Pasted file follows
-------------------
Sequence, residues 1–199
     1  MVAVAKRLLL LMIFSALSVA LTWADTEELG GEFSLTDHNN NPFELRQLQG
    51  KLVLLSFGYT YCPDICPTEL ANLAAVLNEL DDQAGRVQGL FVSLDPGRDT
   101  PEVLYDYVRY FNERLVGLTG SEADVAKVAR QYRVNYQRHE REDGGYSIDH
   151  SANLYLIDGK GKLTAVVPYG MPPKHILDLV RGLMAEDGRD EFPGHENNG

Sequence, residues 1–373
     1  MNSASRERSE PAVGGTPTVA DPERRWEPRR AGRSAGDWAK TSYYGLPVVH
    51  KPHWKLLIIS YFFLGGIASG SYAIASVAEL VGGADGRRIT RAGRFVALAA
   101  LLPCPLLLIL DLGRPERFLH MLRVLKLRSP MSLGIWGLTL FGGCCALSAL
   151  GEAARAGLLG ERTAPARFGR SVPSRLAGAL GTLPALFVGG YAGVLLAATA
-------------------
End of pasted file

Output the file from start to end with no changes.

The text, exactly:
Sequence, residues 1–199
     1  MVAVAKRLLL LMIFSALSVA LTWADTEELG GEFSLTDHNN NPFELRQLQG
    51  KLVLLSFGYT YCPDICPTEL ANLAAVLNEL DDQAGRVQGL FVSLDPGRDT
   101  PEVLYDYVRY FNERLVGLTG SEADVAKVAR QYRVNYQRHE REDGGYSIDH
   151  SANLYLIDGK GKLTAVVPYG MPPKHILDLV RGLMAEDGRD EFPGHENNG

Sequence, residues 1–373
     1  MNSASRERSE PAVGGTPTVA DPERRWEPRR AGRSAGDWAK TSYYGLPVVH
    51  KPHWKLLIIS YFFLGGIASG SYAIASVAEL VGGADGRRIT RAGRFVALAA
   101  LLPCPLLLIL DLGRPERFLH MLRVLKLRSP MSLGIWGLTL FGGCCALSAL
   151  GEAARAGLLG ERTAPARFGR SVPSRLAGAL GTLPALFVGG YAGVLLAATA